Australia's commerical radio stations who streamed music via online simulcasts should pay a separate license fee, the country’s High Court has decided. In doing so, the court has drawn a line under a legal battle which has rumbled on for more than four years.
The case is an important one for copyright holders here in Australia, one which establishes a new online revenue stream. It’s also a rare example of music industry organizations going into battle with one another, on this occasion recording companies' collecting society PPCA going up against the commercial radio sector’s trade body CRA.
The PPCA had sought a declaration from the court that Internet streaming of radio programs - or simulcasting -- should not be regarded as a "broadcast" under the country's Copyright Act and should there be subject to a separate music tariff.
CRA had argued that such a transmission formed part of the existing broadcast license and doesn't require any additional payment. In a February 2012 ruling decision, the court found in favor of CRA and said that simulcasts were broadcast within the definition of that term in the Copyright Act.
The PPCA subsequently appealed, the Federal Court overturned the earlier ruling and agreed with the neighboring rights body. The High Court finally wrapped-up the case when it rejected a leave application by CRA and sided with the Federal Court ruling.
The High Court found that Internet simulcasts of radio programs fall outside the definition of a “broadcast” under the country’s Copyright Act.
The PPCA is now celebrating its victory. “This puts an end to the legal wrangling over payment for recorded music streamed on the Internet,” comments PPCA CEO Dan Rosen in a statement. “It confirms radio stations must pay a licence fee for streamed music and we hope to move quickly to work out a fair and proper licensing deal. We look forward to working with radio to establish equitable arrangements.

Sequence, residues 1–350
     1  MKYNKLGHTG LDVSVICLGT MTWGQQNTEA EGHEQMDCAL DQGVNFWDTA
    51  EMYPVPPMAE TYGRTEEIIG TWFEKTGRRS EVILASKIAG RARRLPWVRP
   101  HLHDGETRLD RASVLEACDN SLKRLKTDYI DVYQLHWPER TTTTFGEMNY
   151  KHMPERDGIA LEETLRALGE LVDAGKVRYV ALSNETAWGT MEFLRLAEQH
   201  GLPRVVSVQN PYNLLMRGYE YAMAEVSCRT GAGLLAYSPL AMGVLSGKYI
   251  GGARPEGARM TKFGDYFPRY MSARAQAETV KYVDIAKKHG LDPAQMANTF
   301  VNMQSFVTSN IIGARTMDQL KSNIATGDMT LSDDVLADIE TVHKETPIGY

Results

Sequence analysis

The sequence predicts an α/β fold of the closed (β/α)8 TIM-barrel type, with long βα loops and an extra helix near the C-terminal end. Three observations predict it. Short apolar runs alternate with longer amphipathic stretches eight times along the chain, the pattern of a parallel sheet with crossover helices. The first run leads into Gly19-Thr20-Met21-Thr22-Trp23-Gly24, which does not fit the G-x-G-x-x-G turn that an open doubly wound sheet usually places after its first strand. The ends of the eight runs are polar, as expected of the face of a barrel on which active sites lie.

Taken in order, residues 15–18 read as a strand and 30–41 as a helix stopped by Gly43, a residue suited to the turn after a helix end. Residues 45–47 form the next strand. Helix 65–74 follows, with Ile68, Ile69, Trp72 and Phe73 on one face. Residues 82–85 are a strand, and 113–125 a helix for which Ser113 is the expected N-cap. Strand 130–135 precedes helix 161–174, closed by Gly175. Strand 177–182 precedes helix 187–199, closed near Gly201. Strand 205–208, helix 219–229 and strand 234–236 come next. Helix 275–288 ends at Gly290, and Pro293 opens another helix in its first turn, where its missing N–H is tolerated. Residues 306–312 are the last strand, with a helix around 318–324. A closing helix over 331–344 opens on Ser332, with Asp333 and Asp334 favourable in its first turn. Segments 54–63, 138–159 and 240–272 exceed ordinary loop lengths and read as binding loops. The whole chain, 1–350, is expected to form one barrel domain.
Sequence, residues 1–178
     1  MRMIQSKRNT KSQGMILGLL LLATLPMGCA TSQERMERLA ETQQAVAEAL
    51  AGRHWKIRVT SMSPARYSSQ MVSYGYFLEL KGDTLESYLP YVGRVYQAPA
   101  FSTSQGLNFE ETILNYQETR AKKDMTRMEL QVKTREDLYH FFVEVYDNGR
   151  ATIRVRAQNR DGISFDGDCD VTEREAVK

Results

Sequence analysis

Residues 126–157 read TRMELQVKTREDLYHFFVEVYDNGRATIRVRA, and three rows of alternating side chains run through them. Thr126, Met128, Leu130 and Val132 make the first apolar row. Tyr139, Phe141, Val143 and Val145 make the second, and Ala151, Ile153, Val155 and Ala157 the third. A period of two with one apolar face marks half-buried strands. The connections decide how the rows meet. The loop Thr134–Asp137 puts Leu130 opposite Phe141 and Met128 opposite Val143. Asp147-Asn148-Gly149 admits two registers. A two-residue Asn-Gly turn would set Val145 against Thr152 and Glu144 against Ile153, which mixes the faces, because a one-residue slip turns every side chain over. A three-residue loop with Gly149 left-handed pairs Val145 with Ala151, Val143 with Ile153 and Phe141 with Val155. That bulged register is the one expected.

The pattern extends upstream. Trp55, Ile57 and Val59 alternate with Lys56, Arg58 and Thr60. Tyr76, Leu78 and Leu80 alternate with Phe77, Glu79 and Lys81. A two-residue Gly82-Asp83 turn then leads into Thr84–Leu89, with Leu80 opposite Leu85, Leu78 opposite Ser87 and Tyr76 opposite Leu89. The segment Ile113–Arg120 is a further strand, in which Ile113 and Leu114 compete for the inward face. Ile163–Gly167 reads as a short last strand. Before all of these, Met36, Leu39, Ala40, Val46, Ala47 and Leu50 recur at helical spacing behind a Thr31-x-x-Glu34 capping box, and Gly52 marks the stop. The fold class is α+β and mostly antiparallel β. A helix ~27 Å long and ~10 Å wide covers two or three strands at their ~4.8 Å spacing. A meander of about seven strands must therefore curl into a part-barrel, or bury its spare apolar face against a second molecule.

Rosen adds, “For too long radio has had a free kick - driving listening audience numbers and profits via the internet while not paying artists fairly for use of their recordings.”
The CRA has yet to comment on the High Court decision.
Any new music licence fees would need to be agreed by negotiation or set by the independent Copyright Tribunal.
Importantly, a new licence for streamed music won’t be bound by Australia’s statutory cap which since the 1960s has limited the sum commercial radio operators can be asked to pay for broadcasting music to a maximum of just 1% of their gross income.
Last year, the PPCA lost a High Court challenge to remove the long-standing radio royalty cap.
The PPCA notes there might be a change in the air. The Australian Law Reform Commission has released a discussion paper as part of the Copyright and the Digital Economy inquiry in which it states, “there appears to be a strong case for repeal of the 1% cap.” The PPCA is continuing its campaign to scrap the 1% cap.